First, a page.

It was September 11, 2003 when Kuya (older brother) decided to join the Traslacion, when we thought that Ina would grant us a miracle. The Peñafrancia Fiesta in Naga City is being celebrated to honor Jesus’ mother, Mary. In Bicol, we call Her as Ina. The feast would start when the image of Ina would be transferred from the Basilica Minore to the Metropolitan Cathedral through a procession. Many people would appear in many corners of the road cramming to go near and touch the image. Some would even emerge from the mass of people with wounds and blood on their faces or any parts of the body. It has been long believed that the image of Ina could heal different illnesses and grant wishes of those who had shown great faith in Her. My father was very sick since August then, and Kuya and I, since we are members of the Youth ministry in our parish of Immaculate Conception, we decided to come along with the rest of the ministry to offer a walk as our means of showing Ina our faith in Her. Deep in our hearts, Kuya and I prayed for our father’s recovery. Upon returning home after the Traslacion, Kuya had bruises on his feet due to crowding of thousands and thousands of devotees. I, on the other hand, came home soaking wet for it rained that day. But what made us very happy and overwhelmed is that mother said Papa had perspired a lot which flowed like water in the faucet. This was a sign that Papa would soon recover because his body had excreted some of the harmful agents that might have contributed to his illness. True to the Bicolanos’ belief, Ina had granted our prayers. During the first few days after Traslacion, we saw that papa was near recovery. But as days succeeded, we began to notice that Papa’s health is again slowly deteriorating. Mother felt the need to send him immediately to the hospital. But since we only had little money, Papa was confined in a city government hospital. For quite some time, papa was okay. On late September, a relative of ours died. After arriving from the burial, I do not know why but I suddenly felt lazy from visiting Papa in the hospital. (Was I really?) I never visited him until October 7.
‘Your father’s looking for you.’, my aunt told me. ‘He asked if you were angry at him… I do not know what to answer so I came back here to fetch you…’.
My hard heart was slowly softening at those words. My father was seeking for me, I thought. Emotions of guilt and sorrow surged over me. I wanted to cry.
‘You go right now. He said he wanted to see you even for just fifteen minutes…’.
At the last statement, I stood up, still in school uniform, I headed to the jeepney stop and rode up to the hospital. When I entered his room, there was no other person inside but father. He was sleeping, very thin and pale but yellowish. The sight was too much to take. I had then noticed that there were already tubes aside from the dextrose, that were inserted in Papa’s nostrils. A moment later Mama appeared and told me that Papa was indeed looking for me. I really wanted to cry at that time as I slowly stroke Papa’s hair and gently rubbed his forehead.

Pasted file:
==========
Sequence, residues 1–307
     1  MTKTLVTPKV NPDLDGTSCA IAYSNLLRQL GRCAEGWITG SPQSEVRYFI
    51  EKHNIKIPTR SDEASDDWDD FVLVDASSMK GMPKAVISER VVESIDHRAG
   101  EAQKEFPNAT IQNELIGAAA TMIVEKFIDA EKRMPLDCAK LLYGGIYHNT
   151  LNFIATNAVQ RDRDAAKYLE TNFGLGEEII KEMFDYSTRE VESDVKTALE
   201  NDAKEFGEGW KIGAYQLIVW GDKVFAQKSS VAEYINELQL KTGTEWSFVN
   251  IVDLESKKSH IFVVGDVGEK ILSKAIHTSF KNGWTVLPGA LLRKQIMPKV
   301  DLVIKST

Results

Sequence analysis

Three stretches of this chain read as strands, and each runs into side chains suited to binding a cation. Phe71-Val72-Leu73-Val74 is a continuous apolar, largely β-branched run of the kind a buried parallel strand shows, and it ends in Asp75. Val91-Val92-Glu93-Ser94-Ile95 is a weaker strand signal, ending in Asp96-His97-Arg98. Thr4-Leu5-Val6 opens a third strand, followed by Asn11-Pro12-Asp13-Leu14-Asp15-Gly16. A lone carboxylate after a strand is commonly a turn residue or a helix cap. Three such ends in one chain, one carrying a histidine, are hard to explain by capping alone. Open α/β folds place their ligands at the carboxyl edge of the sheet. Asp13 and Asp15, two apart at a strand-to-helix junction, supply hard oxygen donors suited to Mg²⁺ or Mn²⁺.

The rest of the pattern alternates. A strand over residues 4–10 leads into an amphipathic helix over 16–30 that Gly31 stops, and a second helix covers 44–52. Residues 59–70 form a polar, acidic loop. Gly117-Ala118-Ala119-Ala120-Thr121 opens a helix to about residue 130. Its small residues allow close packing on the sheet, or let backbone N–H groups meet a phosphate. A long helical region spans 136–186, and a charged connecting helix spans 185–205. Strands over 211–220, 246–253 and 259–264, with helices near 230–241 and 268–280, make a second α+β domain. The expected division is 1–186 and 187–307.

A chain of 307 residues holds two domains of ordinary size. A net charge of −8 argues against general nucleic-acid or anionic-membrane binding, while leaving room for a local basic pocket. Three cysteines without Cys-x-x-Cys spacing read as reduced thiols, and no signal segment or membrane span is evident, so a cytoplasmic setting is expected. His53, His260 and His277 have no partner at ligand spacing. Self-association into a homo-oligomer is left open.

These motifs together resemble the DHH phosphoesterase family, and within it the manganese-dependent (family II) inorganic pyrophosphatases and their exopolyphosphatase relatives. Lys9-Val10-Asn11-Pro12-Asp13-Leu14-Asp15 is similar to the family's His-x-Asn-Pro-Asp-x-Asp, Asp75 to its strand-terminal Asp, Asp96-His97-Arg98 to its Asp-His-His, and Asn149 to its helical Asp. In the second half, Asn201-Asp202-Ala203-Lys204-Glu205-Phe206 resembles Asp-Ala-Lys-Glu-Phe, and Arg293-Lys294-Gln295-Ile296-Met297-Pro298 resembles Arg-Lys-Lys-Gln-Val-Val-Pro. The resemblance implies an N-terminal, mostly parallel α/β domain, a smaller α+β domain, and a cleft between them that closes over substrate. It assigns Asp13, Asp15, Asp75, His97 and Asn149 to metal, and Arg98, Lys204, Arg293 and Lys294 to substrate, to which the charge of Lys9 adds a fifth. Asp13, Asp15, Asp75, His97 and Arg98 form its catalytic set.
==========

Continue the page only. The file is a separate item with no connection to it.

Then I whispered, ‘I’m already here Pa…’.
I guess he heard me, and Papa suddenly opened his eyes.
‘Ashing, I’ve been looking for you. Where were you?’
But instead of answering his question, I broke into a cry. I felt so sad and sorry. Papa just smiled weakly and raised his fingers to wipe my tears. His gesture made me sob even more.
‘You should not cry…you should be happy…don’t cry…you’re making papa sad…’, he said.
‘I am so sorry Pa…’
‘It’s okay…’, he replied. Papa and I just talked a little bit and after that he slept again. He was a pitiful sight. He really was.
Late night on October 9, my father had been calling out all his children and siblings… we all rushed to the hospital and immediately for we had been dreading that he might be near his end. And he was. I could still remember his very blank stare at me, but he was smiling and calling out my name and my younger sister’s name. His grip on my aunts and mom was very tight and strong. Papa was struggling— and fighting death. I and my siblings were sobbing tremendously. Then at almost dawn, he was okay. And we told him he needed to rest, but he refused. At around 5:45 in the morning, I decided to make-up to my father. Having only three hours of sleep, I woke up early and decided not to go to school that day. I was determined to watch over him. I was about ready to go when Ate (sister) called through the telephone. My aunt could not understand what she was saying for she was sobbing badly. So, aunt Mona just told me to go to the hospital rightaway. When I arrived at the hospital,it felt like a very long walk to the second floor. Father’s room was open and he was lying there–with mom crying and packing things.
I asked, ‘What’s this?? Why are you crying Mama??’
Mother was still crying. ‘Your Papa’s dead.’ she said.
‘No you’re lying…’ I said as I felt my lips started to tremble. I looked at Papa’s lifeless body—with his mouth wide open. I felt my knees weaken and knelt beside him, crying hard. I repeatedly told him, ‘I’m sorry…I’m so sorry Papa…’.
Father was buried on October 16, 2003 at Baao Cemetery. It was hard to let him go. Because of what happened between me and my father, I realized how important forgiveness is. Maybe that was the miracle the Blessed Mother gave me. I was angry at him because I told myself that it was his fault why he got sick. He drinks too much. I was angry at him because he neglected his responsibilities to us, his family. But now I believe in the goodness within us all.
Now, I realize that we are all mortals, bound to commit mistakes. I myself commit mistakes. We just have to give others a chance to change and we should learn to forgive. Time will always heal the wounds, we are the ones who just have to bandage it.